Tag Archives: Sabrina Lynn Gore
Sometimes the daring efforts of Outré Theatre Company work beautifully such as Back of the Throat, An Illiad and Thrill Me, sometimes not so well such as Bed and Sofa, and Othello. Often, it’s both as with the current world premiere of The Violet Hour, A Modern Medea.
The scruffy damaged denizens of New Orleans’ underclass depicted in the musical The Journey: The Story of Your Life really only have one dimension and the subtlety of a freight train, but, good God, the power that this cast and creative team from Outré Theatre Company invest in that one dimension is overwhelming.
35MM and this production require some effort from the audience to meet it more than halfway. It is, as they say, not for everyone’s taste. But it does represent an intriguing example of the current effort by young theater artists to find new ways to create their own brand of musical theater that speaks to them. In that, Evening Star’s 35MM is worth checking out.
The collision of two never-subtle art forms in Bed and Sofa is certainly intriguing as befits Outré Theatre Company’s mission of fearlessly pushing the boundaries of theater, thanks in part to the commitment of Outré’s directors and performers. But this bizarre entry never lands solidly.
Perhaps if Rent hadn’t eclipsed everything that arrived in New York in 1996, maybe Bed and Sofa would have received the attention it deserved, in the eyes of Skye Whitcomb who is directing Outré Theatre Company’s “silent movie amber opera” in its Southeastern premiere at the Broward Center.
South Florida Theater patrons checking and responding to email during a performance has mushroomed in recent years, but it reached a high water mark last week indicating a worsening of the collision of technology, performance art, the obsession with staying connected and the etiquette of communal interaction.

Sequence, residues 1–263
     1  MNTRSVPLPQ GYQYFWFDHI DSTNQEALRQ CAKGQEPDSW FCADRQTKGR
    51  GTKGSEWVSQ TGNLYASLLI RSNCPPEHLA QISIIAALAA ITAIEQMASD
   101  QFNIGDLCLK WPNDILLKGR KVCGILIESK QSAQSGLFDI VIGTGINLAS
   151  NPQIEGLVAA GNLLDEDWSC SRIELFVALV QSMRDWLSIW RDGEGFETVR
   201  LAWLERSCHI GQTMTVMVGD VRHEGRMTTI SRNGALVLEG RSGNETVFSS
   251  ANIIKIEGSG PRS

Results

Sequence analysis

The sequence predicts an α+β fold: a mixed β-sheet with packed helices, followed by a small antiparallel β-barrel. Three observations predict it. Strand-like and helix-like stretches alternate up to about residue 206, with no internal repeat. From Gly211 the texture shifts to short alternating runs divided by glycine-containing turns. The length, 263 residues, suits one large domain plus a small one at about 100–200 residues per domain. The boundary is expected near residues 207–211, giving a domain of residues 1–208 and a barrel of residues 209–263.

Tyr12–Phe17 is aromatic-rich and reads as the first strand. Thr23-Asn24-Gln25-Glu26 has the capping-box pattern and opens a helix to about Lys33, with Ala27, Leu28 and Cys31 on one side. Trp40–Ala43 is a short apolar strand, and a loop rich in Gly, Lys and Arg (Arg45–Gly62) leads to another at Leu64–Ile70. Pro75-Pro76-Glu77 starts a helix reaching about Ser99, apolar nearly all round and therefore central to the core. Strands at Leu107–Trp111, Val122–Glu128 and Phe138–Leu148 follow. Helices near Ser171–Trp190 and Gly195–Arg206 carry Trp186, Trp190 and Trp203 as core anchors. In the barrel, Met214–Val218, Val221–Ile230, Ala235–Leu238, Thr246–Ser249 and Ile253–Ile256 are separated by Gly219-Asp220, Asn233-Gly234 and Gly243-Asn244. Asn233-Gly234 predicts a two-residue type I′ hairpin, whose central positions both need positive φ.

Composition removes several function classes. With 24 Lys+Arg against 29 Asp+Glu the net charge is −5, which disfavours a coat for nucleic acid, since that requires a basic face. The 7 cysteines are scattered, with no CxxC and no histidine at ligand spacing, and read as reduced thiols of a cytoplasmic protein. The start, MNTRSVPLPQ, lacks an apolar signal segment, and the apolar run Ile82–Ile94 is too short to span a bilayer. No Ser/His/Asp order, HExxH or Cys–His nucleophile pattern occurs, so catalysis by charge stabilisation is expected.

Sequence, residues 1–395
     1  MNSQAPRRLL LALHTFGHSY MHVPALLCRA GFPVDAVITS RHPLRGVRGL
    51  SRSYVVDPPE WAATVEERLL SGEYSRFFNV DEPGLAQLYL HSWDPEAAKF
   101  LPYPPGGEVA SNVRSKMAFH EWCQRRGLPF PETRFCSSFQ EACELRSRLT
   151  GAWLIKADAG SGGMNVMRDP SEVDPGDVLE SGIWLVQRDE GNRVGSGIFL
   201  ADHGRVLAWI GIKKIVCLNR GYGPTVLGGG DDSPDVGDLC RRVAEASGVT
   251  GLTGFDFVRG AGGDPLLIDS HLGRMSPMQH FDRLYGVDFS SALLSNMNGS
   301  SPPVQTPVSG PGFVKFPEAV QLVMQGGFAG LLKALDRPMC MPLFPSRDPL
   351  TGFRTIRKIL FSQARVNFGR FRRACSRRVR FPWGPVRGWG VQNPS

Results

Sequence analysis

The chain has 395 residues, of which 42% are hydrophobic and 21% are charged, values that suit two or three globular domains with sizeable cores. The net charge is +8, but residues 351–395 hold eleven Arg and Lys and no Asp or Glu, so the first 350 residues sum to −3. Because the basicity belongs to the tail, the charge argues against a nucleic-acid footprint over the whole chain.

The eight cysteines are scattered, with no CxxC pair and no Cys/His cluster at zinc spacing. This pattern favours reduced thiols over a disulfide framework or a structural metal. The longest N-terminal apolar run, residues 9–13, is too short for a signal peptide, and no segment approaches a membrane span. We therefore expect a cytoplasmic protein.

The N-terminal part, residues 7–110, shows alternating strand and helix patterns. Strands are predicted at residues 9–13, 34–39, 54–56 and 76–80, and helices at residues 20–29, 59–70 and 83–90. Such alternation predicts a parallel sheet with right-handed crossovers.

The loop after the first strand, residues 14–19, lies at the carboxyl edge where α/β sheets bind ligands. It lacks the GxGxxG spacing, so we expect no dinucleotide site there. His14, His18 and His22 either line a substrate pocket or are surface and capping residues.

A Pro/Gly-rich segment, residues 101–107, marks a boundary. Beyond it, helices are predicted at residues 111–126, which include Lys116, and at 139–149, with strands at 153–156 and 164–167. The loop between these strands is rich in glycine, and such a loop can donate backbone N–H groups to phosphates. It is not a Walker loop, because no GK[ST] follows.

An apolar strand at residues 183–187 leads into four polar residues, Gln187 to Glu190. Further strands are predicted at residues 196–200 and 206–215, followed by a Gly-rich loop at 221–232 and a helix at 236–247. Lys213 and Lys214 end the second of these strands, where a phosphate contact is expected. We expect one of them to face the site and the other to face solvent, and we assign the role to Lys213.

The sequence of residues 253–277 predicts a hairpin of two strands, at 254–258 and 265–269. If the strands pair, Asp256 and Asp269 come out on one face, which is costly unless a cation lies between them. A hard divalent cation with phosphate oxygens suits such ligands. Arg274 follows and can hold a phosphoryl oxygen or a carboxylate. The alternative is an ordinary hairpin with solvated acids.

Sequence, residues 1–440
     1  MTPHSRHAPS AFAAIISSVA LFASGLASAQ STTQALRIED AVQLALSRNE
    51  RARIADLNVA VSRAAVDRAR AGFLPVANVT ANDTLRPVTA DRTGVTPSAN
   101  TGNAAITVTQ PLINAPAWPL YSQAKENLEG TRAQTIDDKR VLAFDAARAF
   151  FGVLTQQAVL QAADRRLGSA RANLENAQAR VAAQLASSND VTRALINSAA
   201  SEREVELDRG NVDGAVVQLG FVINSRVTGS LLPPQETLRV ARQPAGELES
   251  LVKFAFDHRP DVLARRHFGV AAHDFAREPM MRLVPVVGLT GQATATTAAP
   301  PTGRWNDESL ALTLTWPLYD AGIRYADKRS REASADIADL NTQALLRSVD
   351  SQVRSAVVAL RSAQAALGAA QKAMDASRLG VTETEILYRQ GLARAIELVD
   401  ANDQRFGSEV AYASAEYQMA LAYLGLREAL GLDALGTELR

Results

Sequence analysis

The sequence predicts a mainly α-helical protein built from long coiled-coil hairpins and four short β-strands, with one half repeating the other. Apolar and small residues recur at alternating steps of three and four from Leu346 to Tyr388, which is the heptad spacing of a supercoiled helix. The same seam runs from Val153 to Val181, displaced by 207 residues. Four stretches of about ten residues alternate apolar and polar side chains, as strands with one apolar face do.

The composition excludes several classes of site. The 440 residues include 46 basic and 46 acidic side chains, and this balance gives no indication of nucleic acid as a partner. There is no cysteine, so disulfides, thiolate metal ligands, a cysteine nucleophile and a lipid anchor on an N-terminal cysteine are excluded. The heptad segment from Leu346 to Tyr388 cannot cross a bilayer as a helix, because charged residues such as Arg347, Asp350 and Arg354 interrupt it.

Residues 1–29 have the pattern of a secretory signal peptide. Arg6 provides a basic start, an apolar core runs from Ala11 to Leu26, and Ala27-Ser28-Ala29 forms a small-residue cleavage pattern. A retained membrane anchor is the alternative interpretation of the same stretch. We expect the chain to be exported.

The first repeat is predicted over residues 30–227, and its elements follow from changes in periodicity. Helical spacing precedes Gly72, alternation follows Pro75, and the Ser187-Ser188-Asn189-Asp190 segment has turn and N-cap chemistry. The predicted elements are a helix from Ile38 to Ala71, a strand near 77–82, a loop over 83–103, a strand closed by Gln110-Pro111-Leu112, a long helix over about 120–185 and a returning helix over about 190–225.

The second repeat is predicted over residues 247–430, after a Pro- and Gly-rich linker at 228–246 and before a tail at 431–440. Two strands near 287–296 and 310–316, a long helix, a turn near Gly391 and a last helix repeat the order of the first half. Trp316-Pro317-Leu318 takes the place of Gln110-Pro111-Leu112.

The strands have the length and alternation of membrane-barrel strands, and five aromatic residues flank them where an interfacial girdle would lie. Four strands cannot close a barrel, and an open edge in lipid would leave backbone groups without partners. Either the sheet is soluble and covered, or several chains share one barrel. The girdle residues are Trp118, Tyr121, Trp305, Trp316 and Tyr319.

With bracing anger, profuse profanity and biting satire that is more slashing than surgical, Outre Theatre Company’s Bloody Bloody Andrew Jackson will not to be everyone’s taste but for those whose preference run more to Rent than Mamma Mia, this is your acidic cup of tea.
Audiences need to savor the undeniable virtues of local Shakespearean productions — even when counter-balanced by well-intentioned but equally undeniable shortcomings. Such is the case with the laudable Outré Theatre Company production of Othello imaginatively directed by Christina Groom and featuring Troy Davidson in a persuasive central performance.
Sitting under a tent, sweating through the swelter, watching a faithful facsimile of a revival might not seem appealing to your everyday theatergoer. But bring an open mind to Thinking Cap Theatre’s play Church and savor a thought-provoking, exuberant even entertaining evening.
The Full Monty is one of those scruffy street mongrels that are undeniably cute and even inexplicably winning for short periods, but not a stray you want to take home. The Wick Theatre’s production of the musical is competent, perhaps one of the better renditions you’ve seen of it, but its not equal to the recent triumph with 42nd Street.